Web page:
I've made the baked green lasagna at least a dozen times and would never have described the pasta as slimy. Can't imagine, other than too much water, what it could possibly be.

                      1. re: JoanN
                        walker May 8, 2010 03:55 PM

                        I just checked the book and you are right, she goes straight to rolling out after the kneading. Now, I don't know where I picked up the wrapping in plastic wrap and leaving on the counter. (Some books say into fridge and then bring to rm temp but I don't do that.)

                        But, I've been doing that for a while now and it works for me. How do jfood and c.oliver do it?

                        1. re: walker
                          walker May 8, 2010 04:02 PM

                          I just checked Lidia's book and she says, after kneading, to place in a bowl and put plastic wrap on top of bowl and leave on the counter an hour. (I think it's easier, and one less bowl to wash, to just wrap the dough and leave on the counter. I guess the glutens develop?)

                          1. re: walker
                            mbfant May 8, 2010 11:42 PM

                            yes, it lets the gluten develop and I'm really surprised Marcella doesn't let her dough rest. You can leave the dough on the board where you've been kneading it and invert a bowl over it, 30 minutes minimum, dunno the maximum.

                            1. re: walker
                              Den May 9, 2010 03:50 PM

                              IMO the gluten develops in the kneading process. The point of letting the dough rest is for the glutens to relax so that the dough isn't overly elastic when rolled out.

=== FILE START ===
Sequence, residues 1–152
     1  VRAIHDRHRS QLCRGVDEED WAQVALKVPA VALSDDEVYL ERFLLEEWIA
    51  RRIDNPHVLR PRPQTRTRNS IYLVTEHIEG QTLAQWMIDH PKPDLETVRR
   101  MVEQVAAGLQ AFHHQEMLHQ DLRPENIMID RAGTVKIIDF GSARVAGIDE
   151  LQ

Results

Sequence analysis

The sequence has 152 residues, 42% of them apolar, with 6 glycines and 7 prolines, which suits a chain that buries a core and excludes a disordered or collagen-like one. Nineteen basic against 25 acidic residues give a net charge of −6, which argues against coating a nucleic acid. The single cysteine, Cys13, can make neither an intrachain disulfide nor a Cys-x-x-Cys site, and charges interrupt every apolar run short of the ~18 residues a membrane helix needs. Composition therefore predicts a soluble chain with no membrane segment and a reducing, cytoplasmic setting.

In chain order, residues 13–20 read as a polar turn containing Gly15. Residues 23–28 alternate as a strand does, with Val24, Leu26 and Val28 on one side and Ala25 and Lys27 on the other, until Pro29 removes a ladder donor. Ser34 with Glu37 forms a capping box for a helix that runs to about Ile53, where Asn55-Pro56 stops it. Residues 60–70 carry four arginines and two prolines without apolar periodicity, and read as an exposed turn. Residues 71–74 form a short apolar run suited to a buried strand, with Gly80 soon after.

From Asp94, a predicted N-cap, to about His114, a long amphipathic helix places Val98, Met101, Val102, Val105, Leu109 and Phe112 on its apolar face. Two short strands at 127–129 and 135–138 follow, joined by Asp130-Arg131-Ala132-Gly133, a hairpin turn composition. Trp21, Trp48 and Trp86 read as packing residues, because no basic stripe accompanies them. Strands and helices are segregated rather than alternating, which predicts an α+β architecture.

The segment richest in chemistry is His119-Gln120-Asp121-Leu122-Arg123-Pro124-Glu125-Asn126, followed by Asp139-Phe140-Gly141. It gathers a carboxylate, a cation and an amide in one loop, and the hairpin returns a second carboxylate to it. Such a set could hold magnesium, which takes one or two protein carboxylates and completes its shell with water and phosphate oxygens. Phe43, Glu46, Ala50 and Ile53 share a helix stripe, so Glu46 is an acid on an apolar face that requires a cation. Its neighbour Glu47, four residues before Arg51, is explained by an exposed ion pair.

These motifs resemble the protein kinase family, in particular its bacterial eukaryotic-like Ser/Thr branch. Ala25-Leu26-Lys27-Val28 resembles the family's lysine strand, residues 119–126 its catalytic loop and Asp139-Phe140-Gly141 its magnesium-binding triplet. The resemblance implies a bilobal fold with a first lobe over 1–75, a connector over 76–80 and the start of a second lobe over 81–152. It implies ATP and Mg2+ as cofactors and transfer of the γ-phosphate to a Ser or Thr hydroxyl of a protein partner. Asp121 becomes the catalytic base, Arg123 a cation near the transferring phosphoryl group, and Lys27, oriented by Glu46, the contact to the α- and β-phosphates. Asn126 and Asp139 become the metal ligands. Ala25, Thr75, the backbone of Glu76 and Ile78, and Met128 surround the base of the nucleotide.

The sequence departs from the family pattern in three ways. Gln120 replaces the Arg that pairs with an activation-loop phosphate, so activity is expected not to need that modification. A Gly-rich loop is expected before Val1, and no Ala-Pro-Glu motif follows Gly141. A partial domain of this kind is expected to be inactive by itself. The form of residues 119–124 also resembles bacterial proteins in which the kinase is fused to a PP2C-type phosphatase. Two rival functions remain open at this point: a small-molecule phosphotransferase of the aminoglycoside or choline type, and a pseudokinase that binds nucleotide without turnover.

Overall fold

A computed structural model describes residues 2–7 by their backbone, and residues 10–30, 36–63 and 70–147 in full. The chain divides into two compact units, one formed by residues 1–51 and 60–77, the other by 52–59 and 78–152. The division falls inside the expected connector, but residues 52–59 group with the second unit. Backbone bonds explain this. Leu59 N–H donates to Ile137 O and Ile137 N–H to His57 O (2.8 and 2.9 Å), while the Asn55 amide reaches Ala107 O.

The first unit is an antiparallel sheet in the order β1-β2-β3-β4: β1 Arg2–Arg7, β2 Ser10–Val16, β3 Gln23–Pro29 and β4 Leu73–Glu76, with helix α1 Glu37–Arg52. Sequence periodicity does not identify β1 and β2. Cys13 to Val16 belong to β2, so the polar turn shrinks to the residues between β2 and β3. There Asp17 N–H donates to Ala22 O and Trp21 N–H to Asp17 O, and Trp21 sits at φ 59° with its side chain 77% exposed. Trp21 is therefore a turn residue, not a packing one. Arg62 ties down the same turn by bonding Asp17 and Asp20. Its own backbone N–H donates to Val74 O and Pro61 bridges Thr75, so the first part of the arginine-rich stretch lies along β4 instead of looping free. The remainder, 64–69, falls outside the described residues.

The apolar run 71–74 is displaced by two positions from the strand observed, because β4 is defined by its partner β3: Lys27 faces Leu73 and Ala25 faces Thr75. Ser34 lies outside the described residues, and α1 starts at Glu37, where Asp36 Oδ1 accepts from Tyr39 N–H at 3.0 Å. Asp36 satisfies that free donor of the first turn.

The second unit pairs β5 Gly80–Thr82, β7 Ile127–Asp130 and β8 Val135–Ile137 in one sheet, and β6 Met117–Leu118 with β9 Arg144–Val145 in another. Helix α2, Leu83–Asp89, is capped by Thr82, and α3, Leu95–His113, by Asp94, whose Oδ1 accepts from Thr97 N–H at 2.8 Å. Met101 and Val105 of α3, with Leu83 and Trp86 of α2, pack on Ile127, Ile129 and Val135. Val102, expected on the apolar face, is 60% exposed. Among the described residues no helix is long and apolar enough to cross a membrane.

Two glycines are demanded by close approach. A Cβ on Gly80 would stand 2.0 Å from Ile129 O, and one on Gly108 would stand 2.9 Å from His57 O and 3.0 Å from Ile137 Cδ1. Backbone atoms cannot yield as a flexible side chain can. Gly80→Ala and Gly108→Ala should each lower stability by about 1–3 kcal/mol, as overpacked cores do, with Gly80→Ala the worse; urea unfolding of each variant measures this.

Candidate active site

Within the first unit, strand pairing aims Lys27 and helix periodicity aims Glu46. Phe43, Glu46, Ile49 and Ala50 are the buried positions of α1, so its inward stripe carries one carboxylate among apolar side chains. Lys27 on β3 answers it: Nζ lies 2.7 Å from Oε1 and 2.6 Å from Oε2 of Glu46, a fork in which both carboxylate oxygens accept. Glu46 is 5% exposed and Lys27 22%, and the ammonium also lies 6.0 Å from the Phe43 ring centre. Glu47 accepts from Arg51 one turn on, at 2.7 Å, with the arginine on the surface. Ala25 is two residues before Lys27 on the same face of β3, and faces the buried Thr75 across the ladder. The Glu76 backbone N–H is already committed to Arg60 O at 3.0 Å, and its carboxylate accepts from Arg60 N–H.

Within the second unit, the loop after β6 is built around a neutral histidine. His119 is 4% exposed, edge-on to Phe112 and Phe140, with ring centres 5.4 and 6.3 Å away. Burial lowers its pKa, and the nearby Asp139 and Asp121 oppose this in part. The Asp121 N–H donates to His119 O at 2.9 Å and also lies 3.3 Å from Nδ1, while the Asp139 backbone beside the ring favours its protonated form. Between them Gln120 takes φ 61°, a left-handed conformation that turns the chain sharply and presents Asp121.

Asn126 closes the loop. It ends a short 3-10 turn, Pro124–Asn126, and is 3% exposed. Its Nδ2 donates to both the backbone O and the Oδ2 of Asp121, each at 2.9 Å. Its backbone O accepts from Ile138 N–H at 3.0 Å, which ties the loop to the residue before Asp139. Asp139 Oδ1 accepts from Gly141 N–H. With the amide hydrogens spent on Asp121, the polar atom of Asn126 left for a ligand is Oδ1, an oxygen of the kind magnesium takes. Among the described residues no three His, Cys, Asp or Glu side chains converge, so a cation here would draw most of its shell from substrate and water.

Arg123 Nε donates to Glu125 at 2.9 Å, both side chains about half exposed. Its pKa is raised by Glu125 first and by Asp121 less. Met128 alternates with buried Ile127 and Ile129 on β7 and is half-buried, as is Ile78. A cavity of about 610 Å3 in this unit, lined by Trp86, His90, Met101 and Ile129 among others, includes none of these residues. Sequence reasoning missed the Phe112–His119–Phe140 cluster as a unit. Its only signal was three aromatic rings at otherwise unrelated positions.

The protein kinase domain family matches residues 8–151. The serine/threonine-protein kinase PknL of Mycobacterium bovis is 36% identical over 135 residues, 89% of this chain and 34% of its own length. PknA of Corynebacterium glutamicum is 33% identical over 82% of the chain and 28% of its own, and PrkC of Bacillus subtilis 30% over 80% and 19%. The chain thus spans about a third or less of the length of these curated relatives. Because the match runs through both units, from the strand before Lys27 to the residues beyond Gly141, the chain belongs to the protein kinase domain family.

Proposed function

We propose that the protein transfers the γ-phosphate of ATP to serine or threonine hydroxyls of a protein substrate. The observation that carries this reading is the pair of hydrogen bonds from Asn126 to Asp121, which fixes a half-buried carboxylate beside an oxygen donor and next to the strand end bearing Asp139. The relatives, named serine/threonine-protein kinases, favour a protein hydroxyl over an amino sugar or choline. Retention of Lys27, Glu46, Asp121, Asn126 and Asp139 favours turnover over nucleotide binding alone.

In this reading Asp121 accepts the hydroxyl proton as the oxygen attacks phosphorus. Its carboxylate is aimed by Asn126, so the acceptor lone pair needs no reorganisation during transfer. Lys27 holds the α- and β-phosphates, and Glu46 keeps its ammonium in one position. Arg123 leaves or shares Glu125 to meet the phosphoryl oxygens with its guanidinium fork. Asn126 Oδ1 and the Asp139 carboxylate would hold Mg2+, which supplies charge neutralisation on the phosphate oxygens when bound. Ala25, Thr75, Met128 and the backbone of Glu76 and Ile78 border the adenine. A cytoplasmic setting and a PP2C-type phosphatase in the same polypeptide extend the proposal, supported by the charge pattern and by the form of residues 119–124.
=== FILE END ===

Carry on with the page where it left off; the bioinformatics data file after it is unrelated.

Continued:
2. jfood Mar 24, 2010 12:09 PM

          This is the recipe jfood uses for lasagne

          Jfood Pasta

          2.5 cups flour
          1 cup semolina flour
          6 Large eggs
          A few drops of water

          Place the first three ingredients into food processor and process until almost combined
          Dump onto your board and knead until thoroughly blended
          Shape the dough into a box shape and place in a bowl with a little flour on the bottom and refrigerate for at least 30 minutes
          Remove from fridge and cut into 8 sections as needed
          Allow the dough to come to room temperature for 30 minutes
          Process through the largest slot of the pasta machine. If it separates, fold in half and continue to process. Continue until the pasta is processed through the next to thinnest thickness.

          2 Replies
          1. re: jfood
            lestblight Mar 24, 2010 12:51 PM

            well when i made my pasta.. it tasted good.. was very light a lil too eggy i thought.

            the pasta sheets i used to buy in little italy here didnt have so much an eggy taste. so i figured it was different..

            is there a difference between white and yellow semolina?

            1. re: lestblight
              Den Mar 24, 2010 01:48 PM

              Big difference. White "semolina" really isn't semolina as it comes from rice. Real semolina only comes from durum wheat and its naturally yellow in color.

          2. d
            DoubleBaconVeggieBurger Mar 24, 2010 09:48 AM

            Why not do the egg-based recipe?

            1 Reply
            1. re: DoubleBaconVeggieBurger
              bushwickgirl Mar 24, 2010 09:57 AM

              Yeah, why no eggs?